Sharks are not a threat to us. We are a threat to sharks!
The worldwide situation of sharks is highly critical. In some regions, e.g. the Mediterranean, stocks of certain shark species have shrunk to 10-20 % of their former size. Every year 1.4 million tons of sharks are fished from the oceans.
But overfishing is not only threat to sharks. Mangroves, the nurseries of the sharks, are being cleard. Reefs, the home of many shark species, are dying due to global warming. Studies on the effects of micro- and nanoplastics on shark health and fertility are only just starting.
And still circulating is the myth that sharks do not get cancer. Their cartilage is thus marketed as an anti-cancer drug. But sharks do get cancer. Over 40 types of tumors are known to affect them.
Sharks killed since the beginning of 2023
Sharks killed since you began viewing this page
Main reasons for shark deaths
Each year 100 million sharks die worldwide in fishing nets or on longlines. That's almost 275,000 sharks per day. 73 million commercially fished sharks are destined mainly for the Asian fin markets and these are just the figures for commercial fishing.
Fins from 73 million commercially caught sharks are destined primarily for Asian shark fin markets. Finning is the cruel method of cutting off a shark's fins, ofte while it is still alive. The body of the shark is then thrown overboard as excess ballast. Since the sharks that are still alive can no longer swim, they suffocate miserably.
Bycatch and ghost nets
International fishing fleets primarily target bony fish, especially important being the expensive tuna and other big fish. But where big fish are caught, sharks are also caught. Many sharks die in the nets and longlines of international fishing fleets and are disposed of as bycatch, mostly dead.
"Ghost nets" and generally "ghost gear" also pose great danger. These are nets and lines that have torn loose and drift freely in the sea.
Mangroves: Shark nurseries disappear
The extensive root systems of mangrove trees and their shoots form a fine net that protects the coasts from erosion through tides and storms. This net of roots serves many shark species as a nursery for their young. In the fine root net, small young animals are protected from larger predators.
In the last 50 years, 50% of all mangrove forests have disappeared.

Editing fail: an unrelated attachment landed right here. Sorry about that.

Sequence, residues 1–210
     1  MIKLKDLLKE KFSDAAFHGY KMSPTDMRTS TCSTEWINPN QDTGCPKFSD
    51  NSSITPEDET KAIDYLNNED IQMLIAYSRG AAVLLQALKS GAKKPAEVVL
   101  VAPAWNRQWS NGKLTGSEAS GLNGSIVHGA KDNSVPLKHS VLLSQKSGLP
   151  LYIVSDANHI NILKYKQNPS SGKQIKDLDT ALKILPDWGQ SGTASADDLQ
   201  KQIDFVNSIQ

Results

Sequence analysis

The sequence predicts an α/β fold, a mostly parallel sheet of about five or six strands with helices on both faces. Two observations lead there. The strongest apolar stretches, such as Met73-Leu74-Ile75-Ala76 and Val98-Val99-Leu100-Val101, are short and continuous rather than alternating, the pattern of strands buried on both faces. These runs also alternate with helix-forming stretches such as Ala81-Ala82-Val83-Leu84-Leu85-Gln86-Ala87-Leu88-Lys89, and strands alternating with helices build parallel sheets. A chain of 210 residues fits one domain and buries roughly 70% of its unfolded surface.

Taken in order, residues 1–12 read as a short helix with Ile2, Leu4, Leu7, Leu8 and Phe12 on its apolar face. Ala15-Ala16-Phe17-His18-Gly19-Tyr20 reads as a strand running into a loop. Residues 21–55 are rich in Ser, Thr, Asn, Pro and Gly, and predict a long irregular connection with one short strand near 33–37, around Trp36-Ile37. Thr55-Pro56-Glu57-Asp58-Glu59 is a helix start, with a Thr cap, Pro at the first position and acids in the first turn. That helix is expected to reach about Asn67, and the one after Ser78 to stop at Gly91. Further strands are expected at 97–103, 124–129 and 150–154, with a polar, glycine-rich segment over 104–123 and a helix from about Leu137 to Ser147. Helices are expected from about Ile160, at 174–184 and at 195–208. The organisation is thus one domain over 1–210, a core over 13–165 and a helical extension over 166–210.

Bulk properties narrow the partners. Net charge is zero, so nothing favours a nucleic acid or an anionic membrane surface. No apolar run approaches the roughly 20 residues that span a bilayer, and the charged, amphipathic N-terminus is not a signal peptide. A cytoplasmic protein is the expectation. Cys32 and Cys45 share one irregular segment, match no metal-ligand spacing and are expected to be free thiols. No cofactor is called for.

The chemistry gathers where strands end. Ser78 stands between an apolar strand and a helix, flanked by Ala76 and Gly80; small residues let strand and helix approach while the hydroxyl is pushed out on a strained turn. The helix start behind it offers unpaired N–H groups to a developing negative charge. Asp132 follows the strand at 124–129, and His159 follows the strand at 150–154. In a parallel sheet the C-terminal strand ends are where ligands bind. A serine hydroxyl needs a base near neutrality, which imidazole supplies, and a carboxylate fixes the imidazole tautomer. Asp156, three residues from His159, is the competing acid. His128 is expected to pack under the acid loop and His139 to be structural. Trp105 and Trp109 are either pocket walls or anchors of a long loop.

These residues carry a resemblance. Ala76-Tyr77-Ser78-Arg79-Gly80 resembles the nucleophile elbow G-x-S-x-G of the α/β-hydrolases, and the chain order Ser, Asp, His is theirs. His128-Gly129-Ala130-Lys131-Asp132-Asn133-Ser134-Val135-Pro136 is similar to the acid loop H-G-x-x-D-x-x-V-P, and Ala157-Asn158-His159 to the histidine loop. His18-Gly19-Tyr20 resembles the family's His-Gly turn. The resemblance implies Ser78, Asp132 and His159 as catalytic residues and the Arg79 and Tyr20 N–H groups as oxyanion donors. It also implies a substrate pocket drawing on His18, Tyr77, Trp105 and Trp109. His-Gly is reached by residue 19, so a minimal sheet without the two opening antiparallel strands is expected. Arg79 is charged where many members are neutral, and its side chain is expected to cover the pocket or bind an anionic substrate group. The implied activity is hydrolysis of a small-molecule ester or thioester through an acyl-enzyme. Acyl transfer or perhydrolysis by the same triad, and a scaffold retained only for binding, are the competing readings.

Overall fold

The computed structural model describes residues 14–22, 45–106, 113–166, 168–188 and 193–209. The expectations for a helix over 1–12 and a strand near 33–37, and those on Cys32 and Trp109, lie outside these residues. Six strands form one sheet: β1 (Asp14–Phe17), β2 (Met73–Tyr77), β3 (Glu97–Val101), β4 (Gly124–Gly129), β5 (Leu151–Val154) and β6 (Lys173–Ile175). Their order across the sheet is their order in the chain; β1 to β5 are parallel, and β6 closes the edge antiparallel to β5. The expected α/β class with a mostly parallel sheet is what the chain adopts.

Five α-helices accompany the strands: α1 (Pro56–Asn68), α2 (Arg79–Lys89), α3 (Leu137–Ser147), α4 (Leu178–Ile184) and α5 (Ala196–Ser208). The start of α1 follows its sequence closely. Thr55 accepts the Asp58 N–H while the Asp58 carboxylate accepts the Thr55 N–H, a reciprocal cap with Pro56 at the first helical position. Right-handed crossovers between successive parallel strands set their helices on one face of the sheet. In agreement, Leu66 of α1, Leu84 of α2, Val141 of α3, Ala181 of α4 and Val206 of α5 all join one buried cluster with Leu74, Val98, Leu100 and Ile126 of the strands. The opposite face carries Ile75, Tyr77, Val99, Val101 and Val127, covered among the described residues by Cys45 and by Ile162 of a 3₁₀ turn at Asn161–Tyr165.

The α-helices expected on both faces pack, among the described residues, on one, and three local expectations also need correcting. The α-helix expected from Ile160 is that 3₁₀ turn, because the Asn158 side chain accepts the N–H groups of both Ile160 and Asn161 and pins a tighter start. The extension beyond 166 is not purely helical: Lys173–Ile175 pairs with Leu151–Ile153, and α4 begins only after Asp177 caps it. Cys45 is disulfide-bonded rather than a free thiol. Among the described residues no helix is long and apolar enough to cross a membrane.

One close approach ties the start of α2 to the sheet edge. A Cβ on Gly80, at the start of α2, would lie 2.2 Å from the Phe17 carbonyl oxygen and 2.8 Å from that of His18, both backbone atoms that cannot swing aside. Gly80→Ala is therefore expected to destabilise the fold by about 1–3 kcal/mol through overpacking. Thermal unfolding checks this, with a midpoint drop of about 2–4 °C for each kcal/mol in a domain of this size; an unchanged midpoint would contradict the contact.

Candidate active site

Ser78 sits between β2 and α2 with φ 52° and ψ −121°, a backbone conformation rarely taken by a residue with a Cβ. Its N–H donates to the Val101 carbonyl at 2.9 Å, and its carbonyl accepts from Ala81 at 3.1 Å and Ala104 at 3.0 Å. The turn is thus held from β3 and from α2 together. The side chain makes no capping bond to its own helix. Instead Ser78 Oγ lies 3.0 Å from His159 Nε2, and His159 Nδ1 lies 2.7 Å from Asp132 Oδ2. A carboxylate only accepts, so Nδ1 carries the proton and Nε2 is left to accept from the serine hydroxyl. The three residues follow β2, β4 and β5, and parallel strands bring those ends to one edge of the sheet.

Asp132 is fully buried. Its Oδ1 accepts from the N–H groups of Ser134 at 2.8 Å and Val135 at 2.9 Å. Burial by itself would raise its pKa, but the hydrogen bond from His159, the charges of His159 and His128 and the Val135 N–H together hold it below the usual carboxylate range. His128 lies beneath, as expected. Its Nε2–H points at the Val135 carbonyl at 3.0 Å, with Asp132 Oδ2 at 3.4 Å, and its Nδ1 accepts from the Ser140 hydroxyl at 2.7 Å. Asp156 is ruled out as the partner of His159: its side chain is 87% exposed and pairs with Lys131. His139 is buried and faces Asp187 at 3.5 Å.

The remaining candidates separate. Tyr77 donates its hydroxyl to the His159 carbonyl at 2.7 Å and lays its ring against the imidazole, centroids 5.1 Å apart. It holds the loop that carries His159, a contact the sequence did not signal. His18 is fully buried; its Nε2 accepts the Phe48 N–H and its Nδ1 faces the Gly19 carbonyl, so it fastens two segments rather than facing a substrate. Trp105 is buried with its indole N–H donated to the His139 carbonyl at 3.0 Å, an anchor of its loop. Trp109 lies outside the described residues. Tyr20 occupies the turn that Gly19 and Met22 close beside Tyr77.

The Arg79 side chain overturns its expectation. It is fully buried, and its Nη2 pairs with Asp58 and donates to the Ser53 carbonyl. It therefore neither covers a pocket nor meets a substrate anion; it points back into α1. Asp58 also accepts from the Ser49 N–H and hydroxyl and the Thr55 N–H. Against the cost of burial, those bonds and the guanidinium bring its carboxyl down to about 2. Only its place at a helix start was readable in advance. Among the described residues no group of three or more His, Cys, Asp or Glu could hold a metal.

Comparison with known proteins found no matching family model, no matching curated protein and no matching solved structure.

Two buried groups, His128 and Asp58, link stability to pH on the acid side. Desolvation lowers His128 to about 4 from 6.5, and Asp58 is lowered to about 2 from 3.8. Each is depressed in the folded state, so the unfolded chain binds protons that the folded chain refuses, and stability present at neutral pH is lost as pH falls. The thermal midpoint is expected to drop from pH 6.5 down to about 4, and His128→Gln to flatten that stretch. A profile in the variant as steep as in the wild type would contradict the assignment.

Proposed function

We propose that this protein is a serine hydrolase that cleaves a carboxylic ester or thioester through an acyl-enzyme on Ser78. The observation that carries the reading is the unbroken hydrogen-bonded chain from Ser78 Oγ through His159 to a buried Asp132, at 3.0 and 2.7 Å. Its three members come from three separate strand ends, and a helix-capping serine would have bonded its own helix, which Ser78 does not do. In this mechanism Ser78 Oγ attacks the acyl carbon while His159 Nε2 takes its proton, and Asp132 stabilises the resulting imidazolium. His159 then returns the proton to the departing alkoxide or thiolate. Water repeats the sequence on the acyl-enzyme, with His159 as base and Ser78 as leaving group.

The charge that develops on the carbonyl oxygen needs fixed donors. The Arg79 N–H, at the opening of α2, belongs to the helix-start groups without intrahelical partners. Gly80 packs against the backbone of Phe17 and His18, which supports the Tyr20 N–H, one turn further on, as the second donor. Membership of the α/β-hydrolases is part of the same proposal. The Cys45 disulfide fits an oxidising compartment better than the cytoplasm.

Global warming exposes the oceans to particular stress. The annual average water temperature, which is very critical for coral reefs, is rising. Extreme weather such as storms and hurricanes additionally damage the already weakened reefs. Many reefs suffer and with them the reef communities. Sharks are at home in these reef regions and lose their food and livelihood.
Plastics, microplastics and nanoplastics
Eight (8) million tons of plastic waste are washed into the oceans every year. Their size ranges from huge plastic sheets and ghost nets to nanoplastics in the range of less than 1 micrometer. Sea creatures can get entangled in this plastic waste or eat it and then suffocate or starve to death.
Nanoplastics are particularly dangerous because they are so small that they accumulate in organs and cells.
Eating shark cartilage helps fight cancer
Sharks get cancer. At least 42 benign and malignant tumor types are known from scientific literature in cartilaginous fishes. Eating shark cartilage preparations is just as ineffective against cancer as powdered pig's ears. Only pigs are not threatened worldwide.
In many countries it is prohibited to land only shark fins, instead only complete sharks may be unloaded. The purpose is to prevent cruel finning. Since fins are the commercially most valuable part of the sharks, various other shark products are sold to increase the profit of the whole shark business.
Shark products are often found in unexpected places, for example, in restaurants, clothing stores, accessories, dog food, fertilizer, gelatin or cod liver oil.